K&L's insurance work is top-ranked by Chambers UK. The department assists its policyholder-only client base with coverage disputes, but also deal-related insurance advice. Most risk-laden possibilities are covered here, from business interruption to professional indemnity to product liability. A recent highlight saw the team act for two individuals on behalf of the Axiom Legal Financing Fund; they brought a £100 million negligence claim against an insurance broker who they had placed a financial risk policy with. One interviewee told us: “Reviewing narratives to build the case is a hefty task for trainees, but you're also relied upon to keep an accurate record of everything said during meetings and interviews, as that information will be used to formulate the argument as well.”
“It's a hybrid between American and English,” said trainees of K&L's culture. Stateside influences include “the promotion of pro bono: every year we do a global week of service and during the most recent one we helped to paint a legal charity's centre. Trainees also advise at the Battersea Legal Advice Centre and tutor underprivileged kids for an educational charity.” There's also a very social vibe which sources felt was more 'American': “The NQs organise events and catch-ups frequently. We're very close knit and regularly go for drinks at Madison's, the cocktail bar upstairs, and head to the grounds of St Paul's to have lunch together.” But trainees discerned “a more English approach to work – the hours aren't nearly as horrendous as I expected them to be, and there's quite a good work/life balance.” The average day lasts from 9am to 7.30pm, “but if something big is happening a late night would be 11pm to 12am – it's very rare to stay past 1am.” And if something big is going down “you don't leave others to it, you pop in and say, 'Hey, I can stay until 9pm, what can I do?' It's very collaborative.”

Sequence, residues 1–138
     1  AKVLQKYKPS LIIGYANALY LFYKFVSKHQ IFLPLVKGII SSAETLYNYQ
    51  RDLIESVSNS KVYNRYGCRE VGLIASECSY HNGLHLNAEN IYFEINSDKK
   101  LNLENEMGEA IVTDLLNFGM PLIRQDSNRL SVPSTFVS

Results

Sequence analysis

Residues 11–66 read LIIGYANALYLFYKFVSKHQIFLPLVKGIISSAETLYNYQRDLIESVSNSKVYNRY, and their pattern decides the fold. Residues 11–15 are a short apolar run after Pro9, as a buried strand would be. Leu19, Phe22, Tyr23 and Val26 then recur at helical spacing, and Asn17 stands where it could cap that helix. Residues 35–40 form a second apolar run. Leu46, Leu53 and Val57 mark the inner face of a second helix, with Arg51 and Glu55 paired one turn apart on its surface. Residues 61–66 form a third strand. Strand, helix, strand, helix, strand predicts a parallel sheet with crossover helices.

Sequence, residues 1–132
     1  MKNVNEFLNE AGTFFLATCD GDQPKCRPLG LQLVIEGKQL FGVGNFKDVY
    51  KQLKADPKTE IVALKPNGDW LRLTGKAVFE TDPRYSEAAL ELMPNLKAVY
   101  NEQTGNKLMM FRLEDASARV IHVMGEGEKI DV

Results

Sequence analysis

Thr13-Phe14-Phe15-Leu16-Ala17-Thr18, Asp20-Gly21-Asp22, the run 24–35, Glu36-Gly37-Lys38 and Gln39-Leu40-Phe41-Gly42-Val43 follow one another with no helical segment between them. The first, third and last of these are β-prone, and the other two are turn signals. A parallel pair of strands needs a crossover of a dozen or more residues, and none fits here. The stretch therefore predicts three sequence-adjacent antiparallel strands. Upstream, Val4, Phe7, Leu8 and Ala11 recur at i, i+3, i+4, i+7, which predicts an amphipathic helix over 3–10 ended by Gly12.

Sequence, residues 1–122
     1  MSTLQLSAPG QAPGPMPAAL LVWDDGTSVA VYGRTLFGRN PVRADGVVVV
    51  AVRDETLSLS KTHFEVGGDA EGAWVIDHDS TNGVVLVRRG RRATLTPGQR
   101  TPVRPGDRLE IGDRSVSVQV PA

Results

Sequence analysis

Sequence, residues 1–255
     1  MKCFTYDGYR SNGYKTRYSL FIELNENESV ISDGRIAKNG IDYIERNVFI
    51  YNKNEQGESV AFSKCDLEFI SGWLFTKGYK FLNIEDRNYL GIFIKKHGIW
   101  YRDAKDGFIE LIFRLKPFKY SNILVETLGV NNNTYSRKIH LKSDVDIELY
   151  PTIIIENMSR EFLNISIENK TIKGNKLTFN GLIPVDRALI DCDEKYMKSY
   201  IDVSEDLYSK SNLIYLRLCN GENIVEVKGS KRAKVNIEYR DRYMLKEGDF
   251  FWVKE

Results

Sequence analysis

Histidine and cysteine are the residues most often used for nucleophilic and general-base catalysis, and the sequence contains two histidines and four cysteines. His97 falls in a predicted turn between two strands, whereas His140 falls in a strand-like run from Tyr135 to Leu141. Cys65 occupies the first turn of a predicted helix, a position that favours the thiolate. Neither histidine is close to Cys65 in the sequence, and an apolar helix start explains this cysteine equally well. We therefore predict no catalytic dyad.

There's also a fair amount of collaboration with the international network. “You're very aware of it,” said trainees, “as the offices share clients and help each other out.” K&L regularly posts stats about this: 480 out of its 500 largest clients used lawyers from two or more offices in 2015. But trainees did highlight that the amount of interaction depends on the department. In real estate, for example, “the other offices don't tend to get involved in the work we do,” but in corporate “lots of work comes from the States,” and in insurance “you get lots of exposure to the overseas offices.” The firm doesn't currently offer overseas seats, though most trainees would've liked to have had the option of spending time abroad. Training principal Tony Griffiths tells us the possibility is “constantly being reviewed,” but the firm has been saying this for quite a few years now, so don't hold your breath waiting.